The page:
Education in Two Worlds: Why Are Charter Schools Spending So Much on Administration?
The state of Arizona has long been a leader in charter schools. Of a million students enrolled in K-12 public education in the state, approximately 141,000 are enrolled in the nearly 550 charter schools. At roughly 15% of the school population in charter schools, Arizona leads the nation in its commitment to non-traditional schooling. Taxpayers in the state of Arizona spend more than $1 Billion annually to operate these charter schools.
Among the promised benefits of charter schools were that decentralised and less regulated entities forced to compete for students would necessarily spend less money on administration and more on instruction. No less eminent advocates of charter schools than Paul Hill and Checker Finn have made such arguments. The reality of the charter school movement has not kept up with such promises.
When expenditures to operate public schools in Arizona are broken down by categories like Instruction and Administration, interesting trends become apparent. For the 900,000 pupils in traditional public schools, approximately $4,000 per pupil is expended for Instruction. For the 141,000 charter school pupils, the average expenditure for Instruction is $3,200.
But the surprising differences in the costs of operating traditional and charter schools appear in the category of Administration.
• Administration in the 1,500 traditional public schools of Arizona costs $760 per pupil.
• Administration in the 550 charter schools of Arizona costs $1,344 per pupil.
So charter schools in Arizona are spending almost twice as much per pupil on administration as the traditional public schools. Denis Smith, writing in the Columbus (OH) Dispatch observed that in the state of Ohio “Many charter schools employ highly paid administrators but compensate their teachers well below those in other public schools, leading to constant staff turnover.” The Arizona situation seems to indicate that “overpaid administrators” is not just a Mid-western phenomenon. Exactly how much charter school administrators are paying themselves is difficult — or impossible — to determine nearly everywhere. They are public when requesting tax money; they act suspiciously private when asked about salaries.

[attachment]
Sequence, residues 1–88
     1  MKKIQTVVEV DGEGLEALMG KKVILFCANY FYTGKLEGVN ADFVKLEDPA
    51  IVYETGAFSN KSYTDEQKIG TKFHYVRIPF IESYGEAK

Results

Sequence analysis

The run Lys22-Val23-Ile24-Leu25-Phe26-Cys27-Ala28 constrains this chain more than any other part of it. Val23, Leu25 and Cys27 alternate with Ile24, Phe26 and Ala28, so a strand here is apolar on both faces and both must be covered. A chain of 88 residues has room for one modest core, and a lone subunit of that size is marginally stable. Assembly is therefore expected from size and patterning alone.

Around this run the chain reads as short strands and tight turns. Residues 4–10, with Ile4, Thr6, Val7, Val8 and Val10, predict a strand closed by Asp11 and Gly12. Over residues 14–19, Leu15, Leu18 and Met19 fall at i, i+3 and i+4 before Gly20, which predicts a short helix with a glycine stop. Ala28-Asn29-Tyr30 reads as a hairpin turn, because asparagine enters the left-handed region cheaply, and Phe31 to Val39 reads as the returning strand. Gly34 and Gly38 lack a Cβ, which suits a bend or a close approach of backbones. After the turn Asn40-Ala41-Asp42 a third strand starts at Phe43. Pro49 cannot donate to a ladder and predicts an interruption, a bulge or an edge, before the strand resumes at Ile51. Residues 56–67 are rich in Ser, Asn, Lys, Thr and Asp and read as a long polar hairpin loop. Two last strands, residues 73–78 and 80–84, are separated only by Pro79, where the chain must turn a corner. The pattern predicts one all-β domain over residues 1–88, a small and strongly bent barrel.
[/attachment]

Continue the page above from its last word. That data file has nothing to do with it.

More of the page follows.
Afterword: Interestingly, the figures for Arizona match almost exactly data reported by Arsen & Ni in a 2012 article entitled Is Administration Leaner in Charter Schools? Resource Allocation in Charter and Traditional Public Schools, which was published by Education Policy Analysis Archives.
This blog post has been shared by permission from the author.
Readers wishing to comment on the content are encouraged to do so via the link to the original post.
Find the original post here:
The views expressed by the blogger are not necessarily those of NEPC.